The first step toward "cultural competence," says the task group, is for future teachers to recognize -- and confess -- their own bigotry. Anyone familiar with the reeducation camps of China's Cultural Revolution will recognize the modus operandi.

The task group recommends, for example, that prospective teachers be required to prepare an "autoethnography" report. They must describe their own prejudices and stereotypes, question their "cultural" motives for wishing to become teachers, and take a "cultural intelligence" assessment designed to ferret out their latent racism, classism and other "isms." They "earn points" for "demonstrating the ability to be self-critical."

The task group opens its report with a model for officially approved confessional statements: "As an Anglo teacher, I struggle to quiet voices from my own farm family, echoing as always from some unstated standard. ... How can we untangle our own deeply entrenched assumptions?"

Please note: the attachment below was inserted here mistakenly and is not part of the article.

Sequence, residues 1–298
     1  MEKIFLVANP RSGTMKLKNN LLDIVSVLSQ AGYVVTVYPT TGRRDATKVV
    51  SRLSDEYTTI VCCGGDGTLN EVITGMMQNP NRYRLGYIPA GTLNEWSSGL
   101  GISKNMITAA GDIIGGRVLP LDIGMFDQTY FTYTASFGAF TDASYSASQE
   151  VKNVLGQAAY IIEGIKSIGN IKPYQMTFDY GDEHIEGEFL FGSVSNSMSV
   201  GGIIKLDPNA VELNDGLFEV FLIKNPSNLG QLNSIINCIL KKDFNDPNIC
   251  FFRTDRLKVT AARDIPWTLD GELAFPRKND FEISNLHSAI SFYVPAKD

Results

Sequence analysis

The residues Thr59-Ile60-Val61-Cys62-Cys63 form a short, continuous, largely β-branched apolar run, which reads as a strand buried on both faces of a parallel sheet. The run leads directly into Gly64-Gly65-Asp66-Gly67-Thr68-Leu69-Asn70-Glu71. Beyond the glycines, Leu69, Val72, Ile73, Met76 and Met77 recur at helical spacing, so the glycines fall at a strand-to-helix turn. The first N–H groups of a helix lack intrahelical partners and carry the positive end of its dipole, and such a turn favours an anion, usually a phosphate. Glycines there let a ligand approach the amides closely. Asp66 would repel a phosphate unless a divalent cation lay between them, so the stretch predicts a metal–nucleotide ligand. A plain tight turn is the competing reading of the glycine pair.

The goal of these exercises, in the task group's words, is to ensure that "future teachers will be able to discuss their own histories and current thinking drawing on notions of white privilege, hegemonic masculinity, heteronormativity, and internalized oppression."

Future teachers must also recognize and denounce the fundamental injustices at the heart of American society, says the task group. From a historical perspective, they must "understand that ... many groups are typically not included" within America's "celebrated cultural identity," and that "such exclusion is frequently a result of dissimilarities in power and influence." In particular, aspiring teachers must be able "to explain how institutional racism works in schools."